DEDUCTING WEBSITE EXPENSES
If you’re having trouble deciding how to categorize your company’s website costs for tax purposes, you’re not alone. The IRS hasn’t given official guidance on deducting website expenses yet, so you can apply the guidance they currently have on other business costs to your website.
The hardware that you need to create and maintain a website falls under depreciable equipment. If these assets are placed in service before 2023, you can deduct 100% of the first year’s costs. For later years, under Section 179 you may be able to deduct the total cost in the initial year your assets were placed in service. Section 179 is subject to limitations that can determine how much in deductions you will be able to claim.
Beginning with the 2019 tax year, the maximum deduction is $1.02 million. This amount is subject to a phase out rule with the threshold of $2.55 million. Your deduction also can’t be greater than your business’ taxable income. If you have a Section 179 deduction that you can’t deduct right away, that amount can be carried forward and deducted in applicable later years.
If you purchased software off the shelves, similar rules to hardware apply. The major difference is that the license fees are treated differently if you purchase or lease the software. These costs are currently categorized as necessary and ordinary business expenses and can be deductible as such.
Software Developed Internally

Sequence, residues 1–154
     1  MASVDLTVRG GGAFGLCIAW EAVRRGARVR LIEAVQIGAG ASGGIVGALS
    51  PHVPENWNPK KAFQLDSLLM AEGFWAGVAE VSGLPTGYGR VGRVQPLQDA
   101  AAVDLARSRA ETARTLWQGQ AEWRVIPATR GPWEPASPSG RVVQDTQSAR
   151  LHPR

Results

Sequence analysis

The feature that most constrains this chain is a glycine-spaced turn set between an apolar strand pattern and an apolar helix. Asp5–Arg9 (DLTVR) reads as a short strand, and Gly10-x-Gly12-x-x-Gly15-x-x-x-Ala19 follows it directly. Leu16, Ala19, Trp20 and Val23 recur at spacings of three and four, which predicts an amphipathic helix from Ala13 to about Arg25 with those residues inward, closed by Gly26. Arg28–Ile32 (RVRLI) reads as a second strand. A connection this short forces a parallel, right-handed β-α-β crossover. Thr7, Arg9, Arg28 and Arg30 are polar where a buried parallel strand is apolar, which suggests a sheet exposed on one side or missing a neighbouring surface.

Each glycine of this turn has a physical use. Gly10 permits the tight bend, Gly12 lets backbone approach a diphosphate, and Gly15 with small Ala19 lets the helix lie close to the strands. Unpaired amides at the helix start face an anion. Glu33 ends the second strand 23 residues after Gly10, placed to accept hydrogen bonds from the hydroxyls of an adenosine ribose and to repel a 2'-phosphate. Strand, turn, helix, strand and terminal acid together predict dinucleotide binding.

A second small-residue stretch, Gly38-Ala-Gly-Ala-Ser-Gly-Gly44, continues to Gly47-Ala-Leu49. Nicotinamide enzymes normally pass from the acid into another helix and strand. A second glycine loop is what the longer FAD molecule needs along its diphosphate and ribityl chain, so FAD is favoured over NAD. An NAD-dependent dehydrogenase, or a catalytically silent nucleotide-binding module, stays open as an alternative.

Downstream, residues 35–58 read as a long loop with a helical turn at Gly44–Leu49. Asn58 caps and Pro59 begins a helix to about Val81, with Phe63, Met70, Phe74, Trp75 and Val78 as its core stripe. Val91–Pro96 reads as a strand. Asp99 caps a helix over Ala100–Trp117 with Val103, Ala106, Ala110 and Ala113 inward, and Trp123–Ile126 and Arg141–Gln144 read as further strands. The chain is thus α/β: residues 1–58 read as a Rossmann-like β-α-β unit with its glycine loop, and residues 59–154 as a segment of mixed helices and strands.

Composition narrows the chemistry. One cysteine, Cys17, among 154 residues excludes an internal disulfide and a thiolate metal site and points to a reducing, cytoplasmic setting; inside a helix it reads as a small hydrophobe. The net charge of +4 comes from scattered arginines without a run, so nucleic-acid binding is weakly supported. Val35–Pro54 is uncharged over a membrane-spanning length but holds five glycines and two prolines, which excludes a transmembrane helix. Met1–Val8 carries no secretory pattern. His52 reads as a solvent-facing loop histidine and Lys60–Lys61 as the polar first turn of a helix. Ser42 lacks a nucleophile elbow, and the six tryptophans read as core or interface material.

You can also deduct internal software development costs for your website as necessary and ordinary business expenses if your website is used for advertising. If your expenses represent deductible research and development costs, you must incur the costs by December 31, 2022 in order to qualify as deductible. You can capitalize on the cost of your internally developed software and depreciate them over 36 months.
Payments to Third Parties
If a third party has created and runs your company’s website, payments to the third party are also currently deductible as necessary and ordinary business expenses.
Website costs can be included in start-up expenses. Within the year that your business begins, you can deduct up to $5,000 of expenses unless they exceed $50,000. At that point, the $5,000 deduction starts to reduce. If your start-up costs are more than $50,000, you must capitalize a certain amount and amortize them over 60 months once business begins.
Properly deciding how to treat these expenses can be tricky. Contact us for help on how to categorize these deductions or if you have any questions.